From Private Eye
In Private Eye, Issue 1207, out from 4th April, the Nooks and Corners column features a scathing attack by 'Piloti' on English Heritage and the Dyson design.
Private Eye have given Watchdog permission to reproduce the article here until 31 May 2009. This is what it said:
IF English Heritage is at last trying to do the right thing in Liverpool, the same cannot be said of its behaviour in Bath, from where comes news of an inexplicable betrayal.
Remember the scheme to build the Dyson School of Design Innovation designed by Wilkinson Eyre architects on the site of the Newark Works, the former premises of Stothert & Pitt, "cranemakers to the world" (Eyes 1176 and 1195)? This was scuppered when it was realised that the 1850s building was an early work by Thomas Fuller who went on to design the parliament buildings in Ottawa and become chief architect to the Dominion of Canada.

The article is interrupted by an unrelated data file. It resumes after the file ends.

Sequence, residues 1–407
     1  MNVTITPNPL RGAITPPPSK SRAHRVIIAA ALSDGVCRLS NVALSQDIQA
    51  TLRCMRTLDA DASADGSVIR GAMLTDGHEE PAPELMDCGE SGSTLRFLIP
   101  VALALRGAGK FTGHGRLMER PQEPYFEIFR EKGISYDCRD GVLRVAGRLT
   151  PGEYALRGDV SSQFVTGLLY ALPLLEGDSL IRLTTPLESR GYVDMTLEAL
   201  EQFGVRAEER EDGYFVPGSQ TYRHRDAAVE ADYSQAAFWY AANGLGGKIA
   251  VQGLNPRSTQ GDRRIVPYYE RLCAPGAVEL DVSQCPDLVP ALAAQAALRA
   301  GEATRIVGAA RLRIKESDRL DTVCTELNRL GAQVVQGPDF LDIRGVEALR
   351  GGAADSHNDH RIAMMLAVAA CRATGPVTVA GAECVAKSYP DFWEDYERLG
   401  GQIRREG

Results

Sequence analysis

Thanks, in particular, to pressure from the Canadians, the Newark Works were listed, though only at grade II, in 2006. After that, Wilkinson Eyre came up with a scheme retaining part of the listed building, and then it was all off because of problems with Bath Spa University over land ownership.
Now it is on again, despite opposition from the Environment Agency, which points out the South Quays site by the Avon is liable to flood, as well as from the Victorian Society and Bath Heritage Watchdog.
No wonder: the scheme involves demolishing most of the building and mutilating what is suffered to remain: that is, the principal fašade. The stone Classical front will be rendered ludicrous and illiterate by having great chunks cut out of its massive battered plinth to make an open arcade. Yet English Heritage, whose task it is to protect our historic environment, changed its mind and raised no objection to this barbarism.
Bath & North East Somerset Council has now approved the scheme. However, because of the Environment Agency's opposition, there may have to be a public inquiry. And there should be: The Dyson scheme is dreadful. It is what you get when fashionable High Tec architects have to cope with a solid masonry building they neither understand nor respect - in this case leaving its fine facade isolated, meaningless and trivialised. Such, alas, is the "Constructive Conservation" English Heritage now seems desperate to be identified with.
Reproduced by kind permission of Private Eye magazine